“We nonetheless played a good tournament,” said trainer Uwe Krupp after the game in Bratislava.
Alexander Barta scored in the third minute, raising hopes that Germany could hold their own against the Swedes and even possibly get through to the semi finals.
Michael Wolf also scored in the 39th minute, but this was not enough against the eight-times world champions who had already racked up a fistful of goals.
“Of course we are disappointed but in total one can be proud,” said Krupp.
Sweden’s Martin Thörnberg had scored in the first minute, and managed it again in the 49th, while Patrick Berglund hit home in the 16th minute, Niklas Persson followed suit in the 25th minute and Loui Eriksson scored in the 29th minute.
By the second third of the match it was pretty clear the Germans were not going to make it, although this was partly due to bad luck. The first goal – after just 27 seconds – came off a fumbled defence of Thörnberg’s shot by Robert Dietrich.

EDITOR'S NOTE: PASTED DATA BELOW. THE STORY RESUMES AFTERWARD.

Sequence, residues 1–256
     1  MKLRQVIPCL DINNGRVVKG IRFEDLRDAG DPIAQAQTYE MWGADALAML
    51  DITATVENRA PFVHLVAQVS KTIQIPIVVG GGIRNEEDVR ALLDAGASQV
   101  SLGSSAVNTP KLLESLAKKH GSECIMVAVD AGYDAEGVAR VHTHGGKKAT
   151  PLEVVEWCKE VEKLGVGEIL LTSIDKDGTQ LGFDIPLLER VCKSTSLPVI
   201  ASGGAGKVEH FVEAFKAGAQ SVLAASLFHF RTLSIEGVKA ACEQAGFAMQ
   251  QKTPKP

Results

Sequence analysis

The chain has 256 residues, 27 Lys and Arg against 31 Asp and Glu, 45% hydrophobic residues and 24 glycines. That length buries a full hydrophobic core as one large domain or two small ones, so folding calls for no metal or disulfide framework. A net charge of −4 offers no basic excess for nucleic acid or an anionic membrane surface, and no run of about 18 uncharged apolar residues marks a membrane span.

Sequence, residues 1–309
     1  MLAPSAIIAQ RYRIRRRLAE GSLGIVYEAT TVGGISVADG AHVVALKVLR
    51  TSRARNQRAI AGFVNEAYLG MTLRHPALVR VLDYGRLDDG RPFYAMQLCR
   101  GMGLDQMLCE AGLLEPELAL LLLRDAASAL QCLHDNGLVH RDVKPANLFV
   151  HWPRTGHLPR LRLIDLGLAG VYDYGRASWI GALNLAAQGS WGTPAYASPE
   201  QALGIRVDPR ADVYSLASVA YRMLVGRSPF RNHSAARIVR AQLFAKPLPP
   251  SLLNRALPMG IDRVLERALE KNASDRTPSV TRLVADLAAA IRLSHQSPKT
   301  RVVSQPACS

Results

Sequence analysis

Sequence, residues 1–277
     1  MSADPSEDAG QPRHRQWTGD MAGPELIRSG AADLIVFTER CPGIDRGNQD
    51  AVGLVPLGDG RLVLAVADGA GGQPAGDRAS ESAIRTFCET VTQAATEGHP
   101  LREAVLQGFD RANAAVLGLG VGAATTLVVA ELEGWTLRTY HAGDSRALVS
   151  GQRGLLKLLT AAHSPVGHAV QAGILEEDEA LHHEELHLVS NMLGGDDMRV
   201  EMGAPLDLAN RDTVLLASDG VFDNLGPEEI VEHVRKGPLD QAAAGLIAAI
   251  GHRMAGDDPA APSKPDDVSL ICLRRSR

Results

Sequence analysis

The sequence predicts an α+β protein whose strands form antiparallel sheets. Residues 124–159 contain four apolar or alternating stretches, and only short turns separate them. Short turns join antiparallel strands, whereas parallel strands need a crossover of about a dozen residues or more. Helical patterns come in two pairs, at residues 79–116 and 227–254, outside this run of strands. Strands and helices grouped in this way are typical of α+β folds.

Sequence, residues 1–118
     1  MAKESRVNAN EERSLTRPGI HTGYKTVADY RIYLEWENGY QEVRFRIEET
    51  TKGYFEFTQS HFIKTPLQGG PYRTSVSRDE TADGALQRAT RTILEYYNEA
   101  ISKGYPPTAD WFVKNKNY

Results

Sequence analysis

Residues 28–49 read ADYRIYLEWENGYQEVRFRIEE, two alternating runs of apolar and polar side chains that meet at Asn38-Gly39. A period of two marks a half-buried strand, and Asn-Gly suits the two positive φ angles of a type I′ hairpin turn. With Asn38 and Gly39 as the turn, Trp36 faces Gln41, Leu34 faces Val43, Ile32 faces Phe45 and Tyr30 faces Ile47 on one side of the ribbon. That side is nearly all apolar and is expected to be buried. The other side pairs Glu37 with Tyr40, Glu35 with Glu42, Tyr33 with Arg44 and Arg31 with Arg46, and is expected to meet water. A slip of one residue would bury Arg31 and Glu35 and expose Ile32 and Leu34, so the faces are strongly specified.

Barta managed to equalise nice and quickly, but by the time the first third was over, the Swedes had already regained the upper hand.
“We had good changes in the first third,” said German goalkeeper Dennis Endras. “But just like in the last three or four games, the 1:0 from Sweden was pretty unlucky but of course that affected the team. Despite this we can be proud.”
Last year Germany managed to push through to the semi final, and the team’s performance in the early stages of the championship this year had led to talk that they might make it to the final.
Instead, the team will now have to concentrate on a couple of important personnel questions – they need a new trainer as Krupp is going to the Cologne Sharks, while sports director Franz Reindl is retiring this summer.